Volunteer (Ulster loyalist)

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Volunteer, abbreviated Vol., is a title used by a number of Ulster loyalist paramilitary organisations to describe their members.

History of the term volunteer in Ireland

In Ireland, the term was used in the 18th century for members of local defence forces formed by the British government in anticipation of continental threats – such as Jacobite risings (1715 and 1745) and French invasions (1757 and 1760).[1] The term "Ulster volunteers" goes back to 1803 when mention is made of the "Ulster volunteers of 1760".[2][3]

The Irish Rifle Volunteer Corps was established in London in 1859, and later became the London Irish Rifles. In 1860, in response to the Volunteer Force movement in the rest of the United Kingdom, the short-lived Royal Irish Rifle Volunteers was established in Dublin.

The 1,400 Irish Catholics who enlisted with the Papal Army in 1860, to defend the Papal States during the Unification of Italy, are cited as being volunteers.[4][5][6]

In 1913, the Ulster Volunteers (Ulster Volunteer Force, UVF) were formed to resist Irish Home Rule. In response and in part inspired by the formation of the UVF, Irish nationalists founded the Irish Volunteers (Irish Volunteer Force) to defend Home Rule.[7][8][9]

In September 1914, there was a split in the Irish Volunteers and most of its 160,000 members became part of the National Volunteers.[10] with 12,000 members led by Eoin MacNeill,[11] The remainder became the Irish Republican Army (IRA). The IRA and descended groups see themselves as the continuation of these Irish Volunteers and use the term "volunteer" to describe their members.

Modern usage in loyalism

The term is used by the modern Ulster Volunteer Force,[12][13] formed in 1966, who see themselves as the direct continuation of the original Ulster Volunteers. It is also used by its youth wing, the Young Citizen Volunteers. Likewise, the Ulster Defence Association[14] and Red Hand Commando[15] refer to their members as volunteers. It is also found in the names of similar paramilitary groups like the Loyalist Volunteer Force, Orange Volunteers and now-defunct Ulster Protestant Volunteers.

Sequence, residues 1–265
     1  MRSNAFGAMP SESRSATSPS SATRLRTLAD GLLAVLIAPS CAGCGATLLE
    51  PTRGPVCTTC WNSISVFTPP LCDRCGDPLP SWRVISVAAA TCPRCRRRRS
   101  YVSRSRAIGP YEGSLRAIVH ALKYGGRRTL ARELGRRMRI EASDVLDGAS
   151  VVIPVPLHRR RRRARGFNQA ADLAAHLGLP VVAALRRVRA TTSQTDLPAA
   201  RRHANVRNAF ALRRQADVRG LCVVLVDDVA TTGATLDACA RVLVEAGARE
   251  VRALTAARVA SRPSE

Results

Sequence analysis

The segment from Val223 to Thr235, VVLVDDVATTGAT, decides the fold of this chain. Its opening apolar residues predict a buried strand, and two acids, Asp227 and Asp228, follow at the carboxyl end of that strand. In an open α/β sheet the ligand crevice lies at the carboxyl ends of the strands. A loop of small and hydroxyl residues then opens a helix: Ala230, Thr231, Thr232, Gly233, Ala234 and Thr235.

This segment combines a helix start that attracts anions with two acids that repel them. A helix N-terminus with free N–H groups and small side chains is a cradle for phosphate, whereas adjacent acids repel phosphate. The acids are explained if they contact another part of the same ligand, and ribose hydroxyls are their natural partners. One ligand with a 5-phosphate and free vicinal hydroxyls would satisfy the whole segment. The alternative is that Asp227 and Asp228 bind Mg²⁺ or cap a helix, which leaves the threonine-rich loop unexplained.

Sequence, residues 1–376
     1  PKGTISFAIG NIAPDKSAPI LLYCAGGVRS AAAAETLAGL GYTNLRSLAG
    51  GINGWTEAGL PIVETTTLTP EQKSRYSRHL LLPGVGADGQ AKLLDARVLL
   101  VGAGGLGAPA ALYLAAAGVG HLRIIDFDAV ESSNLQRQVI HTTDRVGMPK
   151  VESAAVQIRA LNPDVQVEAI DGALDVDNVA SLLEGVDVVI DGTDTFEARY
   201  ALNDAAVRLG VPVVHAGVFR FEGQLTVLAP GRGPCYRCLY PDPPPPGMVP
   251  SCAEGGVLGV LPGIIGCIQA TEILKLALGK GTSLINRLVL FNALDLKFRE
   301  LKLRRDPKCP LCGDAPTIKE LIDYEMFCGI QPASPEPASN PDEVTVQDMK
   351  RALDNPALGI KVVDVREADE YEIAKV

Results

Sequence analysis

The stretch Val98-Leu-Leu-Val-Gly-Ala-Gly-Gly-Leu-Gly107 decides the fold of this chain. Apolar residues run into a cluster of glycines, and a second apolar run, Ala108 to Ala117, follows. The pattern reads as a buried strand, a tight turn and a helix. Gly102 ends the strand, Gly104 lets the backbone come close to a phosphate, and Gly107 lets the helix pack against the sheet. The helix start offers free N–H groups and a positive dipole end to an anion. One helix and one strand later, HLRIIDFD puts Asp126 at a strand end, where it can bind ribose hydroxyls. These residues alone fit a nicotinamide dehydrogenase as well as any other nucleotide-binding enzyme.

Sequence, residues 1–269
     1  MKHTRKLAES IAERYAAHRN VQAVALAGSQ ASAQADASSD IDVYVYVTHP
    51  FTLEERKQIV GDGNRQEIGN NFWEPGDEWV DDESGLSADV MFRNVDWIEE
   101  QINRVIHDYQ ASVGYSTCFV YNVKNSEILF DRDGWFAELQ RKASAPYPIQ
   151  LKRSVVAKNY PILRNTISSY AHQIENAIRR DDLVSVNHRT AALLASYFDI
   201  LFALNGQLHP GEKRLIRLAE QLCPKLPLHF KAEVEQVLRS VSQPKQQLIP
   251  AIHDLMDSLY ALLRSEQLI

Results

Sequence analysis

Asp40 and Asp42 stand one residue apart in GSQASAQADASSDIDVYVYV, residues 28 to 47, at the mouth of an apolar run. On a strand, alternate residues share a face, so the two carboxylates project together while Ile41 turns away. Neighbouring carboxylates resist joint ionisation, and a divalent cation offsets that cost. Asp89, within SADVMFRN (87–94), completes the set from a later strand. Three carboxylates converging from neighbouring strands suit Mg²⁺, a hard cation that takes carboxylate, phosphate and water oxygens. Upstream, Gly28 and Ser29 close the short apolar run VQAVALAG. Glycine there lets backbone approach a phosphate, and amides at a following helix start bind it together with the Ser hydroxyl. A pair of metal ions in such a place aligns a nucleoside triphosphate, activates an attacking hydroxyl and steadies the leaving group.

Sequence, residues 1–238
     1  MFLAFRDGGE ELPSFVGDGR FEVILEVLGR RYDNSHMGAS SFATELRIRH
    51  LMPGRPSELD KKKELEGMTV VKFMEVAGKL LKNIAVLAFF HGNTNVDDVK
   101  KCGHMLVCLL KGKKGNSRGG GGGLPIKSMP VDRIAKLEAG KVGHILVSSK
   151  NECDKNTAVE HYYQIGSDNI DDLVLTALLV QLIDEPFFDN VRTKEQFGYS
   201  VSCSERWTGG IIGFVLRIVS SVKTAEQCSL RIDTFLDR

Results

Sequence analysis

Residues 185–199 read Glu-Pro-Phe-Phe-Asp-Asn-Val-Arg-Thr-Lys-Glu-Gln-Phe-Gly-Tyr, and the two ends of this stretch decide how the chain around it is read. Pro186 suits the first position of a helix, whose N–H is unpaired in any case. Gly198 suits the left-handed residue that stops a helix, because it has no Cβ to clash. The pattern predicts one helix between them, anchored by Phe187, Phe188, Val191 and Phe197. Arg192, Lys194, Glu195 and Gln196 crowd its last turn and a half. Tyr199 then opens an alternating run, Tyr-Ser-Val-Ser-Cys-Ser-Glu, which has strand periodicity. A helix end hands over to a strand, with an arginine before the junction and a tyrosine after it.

See also


  1. Padraig O Snodaigh; THE IRISH VOLUNTEERS 1715–1793 – A list of the units, pg 88. Irish Academic Press, Dublin.
  2. F. J. B.; Ulster Volunteers in 1760, Ulster Journal of Archaeology, Second Series, Vol. 8, No. 4 (Oct. 1902).
  3. Google Books – Collectanea Politica
  4. Google Books – England against the papacy, 1858–1861
  5. The Wild Geese – The Pope's Irish Battalion
  6. Freepages – Nineteenth Century Sources
  7. Jackson, Alvin; Home Rule – An Irish History 1800–2000, page 120. Weidenfeld & Nicolson, 2003. ISBN 1-84212-724-1. Quote: The UVF was a direct inspiration for the Irish Volunteers, formed in November 1913 by those on the nationalist side who feared that Home Rule had stalled.
  8. English, Richard: Irish Freedom – The History of Nationalism in Ireland, page 252. MacMillan, 2006. ISBN 1-4050-4189-7. Quote: Ironically, indeed, the UVF mobilization was welcomed by some Irish nationalists as showing the appropriate paramilitary way forward. Scholar-nationalist Eoin McNeill (...) also played a significant part in the founding of the Irish Volunteers, a nationalist militia established in Dublin in November 1913 in defence of the Home Rule struggle. To some degree prompted by and modelled on the Ulster Volunteers, these Irish Volunteers exemplified a trend which was frequently enough to be evident in the history of nationalist Ireland: that of one ethno-national gesture of aggression kick-starting organized paramilitarism on the other side (a similar pattern was to be evident, for example, in 1960s Northern Ireland)
  9. Jackson, Alvin; Home Rule – An Irish History 1800–2000, page 134-135. ISBN 1-84212-724-1. Quote: But Larne and the Ulster Volunteers had a further military significance, as an example for militant nationalism... The institutional expression of these militant fears came with the establishment, in November 1913, of the Irish Volunteers, a citizen militia modelled loosely on its Unionist counterpart in the north
  10. Connolly, J.S.; Oxford Companion to Irish History, page 402-3. Oxford University Press, 2007. ISBN 978-0-19-923483-7
  11. Jackson, Alvin; Home Rule – An Irish History 1800–2000, page 152. Weidenfeld & Nicolson, 2003. ISBN 1-84212-724-1.
  12. Physical memorials of The Troubles in east Belfast — Long, Cordner, Seymour and Bennett – UVF CAIN.
  13. UVF announces end to terror campaign "We encourage our Volunteers to embrace the challenges which continue to face their communities and support their continued participation in non-military capacities." Daily Mail.
  14. Physical memorials of The Troubles in east Belfast — UDA, 4th Battalion Castlereagh, East Belfast Brigade CAIN.
  15. Physical memorials of The Troubles in south Belfast — Hanna, McCrea and Mehaffy – UVF/RHC CAIN.